Skin changes at the end of life are not a new issue. Consider what occurred more than 100 years ago.
Dr. Alois Alzheimer was on call in 1901 when a 51-year-old woman, Frau August D, was admitted to his asylum for the insane in Frankfort. Dr. Alzheimer followed this patient, studied her symptoms and presented her case to his colleagues as what came to be known as Alzheimer’s Disease. When Frau Auguste D died on April 8, 1906, her medical record listed the cause of death as “septicemia due to decubitus.”
Alzheimer noted, “at the end, she was confined to bed in a fetal position, was incontinent and in spite of all the care and attention given to her, she suffered from decubitus.”
So, here we have the first identified patient with Alzheimer’s Disease having developed immobility and two pressure ulcers with end stage Alzheimer’s. In our modern times, end stage Alzheimer’s Disease has become an all-too-frequent scenario with multiple complications including SCALE (Skin Changes at Life’s End).
Skin changes at the end of life – appearance
Also known as Kennedy Terminal Ulcers, these are a specific subgroup of pressure ulcers that some individuals develop as they are dying. They are usually shaped like a pear, butterfly, or horseshoe, and are located predominantly on the coccyx or sacrum (but have been reported in other anatomical areas). The ulcers are a variety of colors including red, yellow or black, are sudden in onset, typically deteriorate rapidly, and usually indicate that death is imminent.
Physiologic changes that occur as a result of the dying process (days to weeks) may affect the skin and soft tissues. These changes may manifest as observable (objective) changes in skin color, turgor, or integrity, or as subjective symptoms such as localized pain.
Here is the medical legal issue: clinicians assert that these changes can be unavoidable and may occur with the application of appropriate interventions that meet or exceed the standard of care.
Causes of skin changes at the end of life
When the dying process compromises the homeostatic mechanisms of the body, a number of vital organs may become compromised. The body may react by shunting blood away from the skin to these vital organs, resulting in decreased skin and soft tissue perfusion and a reduction of the normal cutaneous metabolic processes. Minor insults can lead to major complications such as skin hemorrhage, gangrene, infection, skin tears and pressure ulcers that may be markers of SCALE.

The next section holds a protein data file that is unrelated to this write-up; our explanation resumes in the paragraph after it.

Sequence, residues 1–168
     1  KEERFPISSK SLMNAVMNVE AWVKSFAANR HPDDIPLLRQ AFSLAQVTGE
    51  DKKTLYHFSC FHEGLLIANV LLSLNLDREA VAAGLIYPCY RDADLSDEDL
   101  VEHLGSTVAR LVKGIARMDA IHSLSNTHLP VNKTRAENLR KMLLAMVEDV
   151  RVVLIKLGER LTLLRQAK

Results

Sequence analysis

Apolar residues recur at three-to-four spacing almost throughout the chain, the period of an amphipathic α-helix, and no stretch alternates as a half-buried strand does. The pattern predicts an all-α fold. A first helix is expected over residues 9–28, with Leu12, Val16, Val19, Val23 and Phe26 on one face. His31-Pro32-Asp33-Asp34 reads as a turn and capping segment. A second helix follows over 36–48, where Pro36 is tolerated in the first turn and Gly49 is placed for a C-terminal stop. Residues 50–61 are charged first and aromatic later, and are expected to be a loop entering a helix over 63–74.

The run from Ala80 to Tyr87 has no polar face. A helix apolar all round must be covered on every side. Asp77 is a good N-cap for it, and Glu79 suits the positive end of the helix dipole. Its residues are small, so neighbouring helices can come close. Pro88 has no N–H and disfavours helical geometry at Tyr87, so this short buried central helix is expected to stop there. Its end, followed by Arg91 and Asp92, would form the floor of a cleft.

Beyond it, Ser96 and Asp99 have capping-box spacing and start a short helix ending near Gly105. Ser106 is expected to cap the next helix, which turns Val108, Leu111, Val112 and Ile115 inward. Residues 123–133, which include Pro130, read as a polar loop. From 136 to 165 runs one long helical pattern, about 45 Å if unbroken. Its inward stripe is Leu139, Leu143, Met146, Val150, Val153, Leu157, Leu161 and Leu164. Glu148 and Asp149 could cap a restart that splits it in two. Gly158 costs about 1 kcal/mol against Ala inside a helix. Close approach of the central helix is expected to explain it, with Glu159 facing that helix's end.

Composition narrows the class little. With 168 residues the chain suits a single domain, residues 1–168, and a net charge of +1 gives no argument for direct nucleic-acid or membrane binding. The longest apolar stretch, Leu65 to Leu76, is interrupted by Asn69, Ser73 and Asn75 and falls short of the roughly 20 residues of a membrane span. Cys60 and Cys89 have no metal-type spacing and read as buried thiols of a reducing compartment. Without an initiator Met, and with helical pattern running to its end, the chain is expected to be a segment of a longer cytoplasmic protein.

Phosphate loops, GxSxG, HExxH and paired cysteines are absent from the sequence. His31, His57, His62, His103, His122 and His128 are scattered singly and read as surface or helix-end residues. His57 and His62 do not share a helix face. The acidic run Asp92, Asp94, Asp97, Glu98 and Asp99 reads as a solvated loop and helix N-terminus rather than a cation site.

Are skin changes at the end of life preventable?
Skin changes at life’s end are a reflection of compromised skin (reduced soft tissue perfusion, decreased tolerance to external insults, and impaired removal of metabolic wastes). When a patient experiences SCALE, tolerance to external insults (such as pressure) decreases to such an extent that it may become clinically and logistically impossible to prevent skin breakdown and the possible invasion of the skin by microorganisms.
Compromised immune response may also play an important role, especially with advanced cancer patients and with the administration of corticosteroids and other immunosuppressant agents.
Skin changes may develop at life’s end despite optimal care, as it may be impossible to protect the skin from environmental insults in its compromised state. These changes are often related to other cofactors including aging, co-existing diseases and drug adverse events. SCALE, by definition occurs at life’s end, but skin compromise may not be limited to end of life situations; it may also occur with acute or chronic illnesses, and in the context of multiple organ failure that is not limited to the end of life.
Modified with permission of Dr. Diane Krasner, a coauthor of Skin Changes at Life’s End, SCALE Final Consensus Statement, October 1, 2009
What you’ve read is the medical perspective. There are attorneys who dispute the existence of SCALE and see it as a handy way for a facility to defend the development of a pressure sore. Join the controversy by watching the digital download of this course.
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